The 54-year-old Denver Mart – which was supposed to enjoy a second life after new owners came in 2013 promising millions in upgrades – closes its doors March 31 mired in debt and at least one breach of contract lawsuit.

Retail tenants and show producers were notified abruptly Feb. 12 with a letter stating “The property since March 2020 has been default with its lender, is now being placed into receivership proceeding, and will be sold through this receivership process by the end of March 2021.”

The letter was from CEO Todd Herrick.

Denver Mart enjoyed a high-profile location off 58th Avenue and Interstate 25, and offered a 807,000-square foot facility on 34 acres to some 100 trade shows annually like the Tanner Gun Show and a drive-in theater in recent years.

One of those shows for 19 years was the Denver Fly Fishing Show.

“This news came like a bolt out of the blue after all we’ve been through canceling, modifying and rescheduling our nationwide Fly Fishing Show events due to COVID-19 concerns,” said show CEO Ben Furimsky.

He sent out a press release, with a copy of Herrick’s letter attached, frustrated by the lack of communication.

“There was absolutely none,” Furimsky said during a telephone interview. “I know the management that dealt with facility found out the same day we did. There was no communications from the owners. It’s so disappointing.”

He estimated the three-day show, with more than 300 vendors, positively impacted the area economy an estimated $1 million, with hotel stays, restaurants and other services.

The timing of the announcement might appear to be COVID-19 pandemic related, as all large-crowd events were cancelled and venues closed 11 months ago. But court records and Herrick's letter paint a picture of financial trouble before the pandemic hit.

Another large annual Denver Mart show for 50 years came from the Western English Sales Associations’ International Western/English Apparel & Equipment Market.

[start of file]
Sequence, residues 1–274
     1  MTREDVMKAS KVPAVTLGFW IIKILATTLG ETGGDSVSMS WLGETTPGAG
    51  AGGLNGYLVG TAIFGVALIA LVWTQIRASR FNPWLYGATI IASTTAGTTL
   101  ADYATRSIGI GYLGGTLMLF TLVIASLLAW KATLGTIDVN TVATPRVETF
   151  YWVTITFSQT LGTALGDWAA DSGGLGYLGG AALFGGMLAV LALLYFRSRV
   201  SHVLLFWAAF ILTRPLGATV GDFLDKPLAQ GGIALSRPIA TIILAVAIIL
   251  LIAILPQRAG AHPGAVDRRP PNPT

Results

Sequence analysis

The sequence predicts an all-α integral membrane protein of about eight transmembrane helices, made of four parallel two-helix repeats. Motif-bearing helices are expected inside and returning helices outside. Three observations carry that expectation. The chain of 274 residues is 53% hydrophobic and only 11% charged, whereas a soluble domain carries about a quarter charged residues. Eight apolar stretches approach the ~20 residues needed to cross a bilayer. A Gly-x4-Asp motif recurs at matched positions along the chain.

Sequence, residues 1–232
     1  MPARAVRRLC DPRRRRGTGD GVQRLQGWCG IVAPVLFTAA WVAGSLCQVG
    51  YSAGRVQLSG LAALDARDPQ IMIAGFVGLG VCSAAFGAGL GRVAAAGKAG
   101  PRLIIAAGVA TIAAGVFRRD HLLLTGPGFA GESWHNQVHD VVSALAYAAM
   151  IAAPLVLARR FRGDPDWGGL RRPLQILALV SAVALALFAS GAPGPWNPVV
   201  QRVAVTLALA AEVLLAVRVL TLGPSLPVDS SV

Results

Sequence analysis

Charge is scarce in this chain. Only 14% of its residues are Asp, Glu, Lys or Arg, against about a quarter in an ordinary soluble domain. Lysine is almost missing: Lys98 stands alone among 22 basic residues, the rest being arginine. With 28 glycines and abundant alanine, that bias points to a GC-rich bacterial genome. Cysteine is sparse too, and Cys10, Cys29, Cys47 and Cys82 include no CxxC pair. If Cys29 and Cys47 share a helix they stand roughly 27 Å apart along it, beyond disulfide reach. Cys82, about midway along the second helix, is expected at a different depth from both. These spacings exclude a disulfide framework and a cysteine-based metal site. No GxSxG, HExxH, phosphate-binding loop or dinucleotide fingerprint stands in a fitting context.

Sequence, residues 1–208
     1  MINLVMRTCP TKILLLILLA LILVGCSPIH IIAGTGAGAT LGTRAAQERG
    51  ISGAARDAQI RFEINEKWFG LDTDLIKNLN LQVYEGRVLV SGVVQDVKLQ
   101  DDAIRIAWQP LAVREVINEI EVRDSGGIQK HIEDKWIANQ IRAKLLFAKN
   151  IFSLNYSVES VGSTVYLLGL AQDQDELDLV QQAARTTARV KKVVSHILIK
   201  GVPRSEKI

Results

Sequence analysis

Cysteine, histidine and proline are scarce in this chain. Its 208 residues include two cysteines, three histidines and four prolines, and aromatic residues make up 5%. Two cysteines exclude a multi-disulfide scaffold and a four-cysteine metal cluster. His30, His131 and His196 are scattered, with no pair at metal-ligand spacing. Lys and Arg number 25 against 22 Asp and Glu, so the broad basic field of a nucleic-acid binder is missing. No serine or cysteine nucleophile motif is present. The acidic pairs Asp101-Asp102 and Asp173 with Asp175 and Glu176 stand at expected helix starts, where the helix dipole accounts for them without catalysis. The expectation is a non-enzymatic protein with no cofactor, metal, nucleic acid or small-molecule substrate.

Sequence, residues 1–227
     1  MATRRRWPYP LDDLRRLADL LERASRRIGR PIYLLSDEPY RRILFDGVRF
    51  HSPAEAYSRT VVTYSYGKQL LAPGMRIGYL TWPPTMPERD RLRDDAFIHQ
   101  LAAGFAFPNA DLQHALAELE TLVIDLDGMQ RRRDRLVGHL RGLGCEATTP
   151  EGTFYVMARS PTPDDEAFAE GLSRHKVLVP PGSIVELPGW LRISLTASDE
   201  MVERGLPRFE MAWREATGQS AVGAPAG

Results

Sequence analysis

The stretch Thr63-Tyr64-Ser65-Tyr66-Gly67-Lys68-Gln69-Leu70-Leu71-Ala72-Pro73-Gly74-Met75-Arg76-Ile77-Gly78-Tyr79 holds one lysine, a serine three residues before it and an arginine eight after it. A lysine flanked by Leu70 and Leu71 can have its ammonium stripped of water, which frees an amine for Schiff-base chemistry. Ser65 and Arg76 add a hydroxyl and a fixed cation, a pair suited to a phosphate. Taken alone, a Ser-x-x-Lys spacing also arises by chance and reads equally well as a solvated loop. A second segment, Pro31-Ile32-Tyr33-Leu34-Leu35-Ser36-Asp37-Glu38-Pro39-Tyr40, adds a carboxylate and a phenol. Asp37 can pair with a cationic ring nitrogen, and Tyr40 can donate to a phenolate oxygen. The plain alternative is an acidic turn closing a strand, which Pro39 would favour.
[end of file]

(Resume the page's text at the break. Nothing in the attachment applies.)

That is until 2018, when WESA told Denver Mart officials it was moving the 2019 show to the Dallas Market Center facility, according to a breach of contract lawsuit filed in May 2020 against Denver Mart owners Hawthorne Lake Associates LTD and GL Merchandise Mart LLC.

WESA claims the move came because of “years of deferred maintenance resulting in the Denver Mart facility’s disrepair,” according to court filings.

That statement seems at odds with projections from Denver Mart owners who took over the property in 2013, after its previous owners had filed bankruptcy. That group was led by John Doyle, who was managing partner for Woodhaven Hawthorne Group – which also included a Ted Herrick. Then-CEO Doyle told the Denver Business Journal at the time the new ownership group wanted to “recapitalize the mortgage debt on the property” in inject some $4 million in capital improvements.

Doyle died July 5, 2018.

But one of the things Doyle touted was the extended contracts Denver Mart, formerly known as the Denver Merchandise Mart, inked with WESA and the Tanner Gun Show.

WESA’s 10-year contract was to have run through 2023. Part of that contract included an agreement Denver Mart “not compete with WESA by hosting a trade show comparable to the WESA shows,” according to the lawsuit. It alleges Denver Mart officials, worried that “WESA’s absence in 2021 and 2022 could precipitate a loss in the (Denver Mart’s) permanent tenants, including those who sell western-themed merchandise and who receive substantial revenues during the WESA shows.”

About 1,500 retail vendors registered for the January 2020 WESA show.

The non-profit association alleged Denver Mart officials then started “soliciting participants for a proposed western market in January 2021.”

Hawthorne Lakes responded to the lawsuit by denying most all claims, and stating WESA’s “improper conduct has caused financial harm to Denver Mart LLC and that these monetary damages were intended by and foreseeable to plaintiffs.”

The case is ongoing and no trial date has been set.

WESA Executive Director Amy Dill replied in response to an email from the Denver Gazette it has “no comment regarding the Denver Mart.”

Todd Herrick did not return multiple emails seeking comment, nor to a call to the Denver Mart.

His Feb. 12 letter states: “We are making efforts to establish a ‘New Mart’ in a different location through which we intend to continue hosting tenants and shows.”

He vowed “weekly correspondence” to answer questions from tenants and vendors, and that “I will personally be onsite most every week until the sale of The Mart closes.”

As late as April 2019 in a blog titled “A Bright Future,” Herrick boasted: “We see no change to the current business model of being the Rocky Mountain Region’s Premier Wholesale Showroom facility and will continue to host over 100 trade shows annually and sign new multi-year agreements.”